Tuesday, 31 August 2010

Kabanos- Polish Manipulation of Wikipedia

Kabanos is in the news today, which started me thinking about writing something on my difficulty in knowing if I will like the ones on the supermarket shelf - sometimes excellent, but usually not. It was due to say something about them being "pork, fowl or just foul tasting" - salmon kabanosy are rather disappointing too - and the extent to which they are dry and/or smoked or not. I wasn't sure whether smoking was a standard feature, however, so I looked on Polish Wikipedia. However, this seemed to be incorrect and surprisingly short. I figured it was just my ignorance, but then I noticed that it was updated yesterday at the time when there are arguments about the Polish origin of Kabanosy. So I looked at the English version to see what it said: the difference was so extreme that I then looked at other languages (with the help of Google Translate).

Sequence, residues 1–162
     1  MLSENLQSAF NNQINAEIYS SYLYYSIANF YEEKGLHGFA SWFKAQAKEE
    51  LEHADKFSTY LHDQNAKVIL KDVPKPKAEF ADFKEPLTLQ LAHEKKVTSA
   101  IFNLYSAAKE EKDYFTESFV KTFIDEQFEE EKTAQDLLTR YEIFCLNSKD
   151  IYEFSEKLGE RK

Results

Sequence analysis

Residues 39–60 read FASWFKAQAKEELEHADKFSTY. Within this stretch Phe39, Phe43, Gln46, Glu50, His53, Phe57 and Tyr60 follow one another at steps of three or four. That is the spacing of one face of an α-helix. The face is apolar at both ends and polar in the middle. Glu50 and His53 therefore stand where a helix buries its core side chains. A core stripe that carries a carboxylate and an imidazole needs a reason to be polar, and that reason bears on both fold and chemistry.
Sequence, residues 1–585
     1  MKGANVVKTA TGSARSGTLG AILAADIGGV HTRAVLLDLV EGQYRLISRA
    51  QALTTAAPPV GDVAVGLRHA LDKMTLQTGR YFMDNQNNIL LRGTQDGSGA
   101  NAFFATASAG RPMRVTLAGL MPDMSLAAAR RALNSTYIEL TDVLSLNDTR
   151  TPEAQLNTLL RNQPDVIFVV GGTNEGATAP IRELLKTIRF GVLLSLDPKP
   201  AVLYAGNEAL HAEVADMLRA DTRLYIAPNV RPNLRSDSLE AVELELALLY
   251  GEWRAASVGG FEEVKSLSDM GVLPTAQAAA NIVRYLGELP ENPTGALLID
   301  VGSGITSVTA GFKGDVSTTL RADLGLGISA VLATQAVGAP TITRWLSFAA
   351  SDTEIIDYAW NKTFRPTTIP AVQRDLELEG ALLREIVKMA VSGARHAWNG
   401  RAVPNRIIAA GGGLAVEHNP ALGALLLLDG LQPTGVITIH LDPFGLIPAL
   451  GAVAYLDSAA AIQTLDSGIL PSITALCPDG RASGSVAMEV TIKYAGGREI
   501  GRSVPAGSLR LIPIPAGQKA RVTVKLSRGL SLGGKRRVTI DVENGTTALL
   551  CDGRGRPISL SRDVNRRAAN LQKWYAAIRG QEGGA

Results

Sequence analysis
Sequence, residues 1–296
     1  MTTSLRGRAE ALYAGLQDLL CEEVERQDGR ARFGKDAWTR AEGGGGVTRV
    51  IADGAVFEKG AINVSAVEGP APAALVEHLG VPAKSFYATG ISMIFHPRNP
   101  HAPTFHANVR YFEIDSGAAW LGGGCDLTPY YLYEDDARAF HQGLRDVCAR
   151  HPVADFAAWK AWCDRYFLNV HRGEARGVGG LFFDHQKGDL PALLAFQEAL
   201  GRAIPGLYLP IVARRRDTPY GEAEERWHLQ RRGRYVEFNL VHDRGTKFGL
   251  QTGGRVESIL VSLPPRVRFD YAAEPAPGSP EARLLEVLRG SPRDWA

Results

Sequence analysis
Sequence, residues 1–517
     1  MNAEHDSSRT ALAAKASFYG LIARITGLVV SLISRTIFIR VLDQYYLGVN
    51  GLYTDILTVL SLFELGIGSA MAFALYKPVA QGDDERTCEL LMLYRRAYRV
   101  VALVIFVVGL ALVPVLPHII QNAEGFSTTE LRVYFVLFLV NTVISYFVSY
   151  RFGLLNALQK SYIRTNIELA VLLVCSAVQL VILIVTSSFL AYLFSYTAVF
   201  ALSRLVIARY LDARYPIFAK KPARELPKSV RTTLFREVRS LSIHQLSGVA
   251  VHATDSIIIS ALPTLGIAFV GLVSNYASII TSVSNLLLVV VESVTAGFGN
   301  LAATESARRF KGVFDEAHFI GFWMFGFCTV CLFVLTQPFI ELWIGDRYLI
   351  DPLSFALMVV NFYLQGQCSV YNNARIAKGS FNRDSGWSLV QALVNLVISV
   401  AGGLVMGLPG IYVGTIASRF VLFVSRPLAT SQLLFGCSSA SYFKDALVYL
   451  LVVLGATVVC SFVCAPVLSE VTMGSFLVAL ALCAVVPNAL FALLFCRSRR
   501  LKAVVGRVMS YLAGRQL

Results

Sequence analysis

The background is the attempt to make Kabanosy an EU registered Polish product, which helps protect producers from competition. I now strongly suspect that several Wikipedia versions, including Polish, have been rewritten in line with this application, omitting anything that might conflict with it. Google Translate gives the Polish version to be:
Kabanos - thin, long sausage, prepared with cured pork , carefully dried and smoked. The name comes from the Turkish word Kaban (commonly used also in the region of Białystok ), a hog.
Poles seek applicants for a determination Traditional Speciality Guaranteed for Kabanos.

Only pork? "Carefully dried and smoked"? Pull the other one ...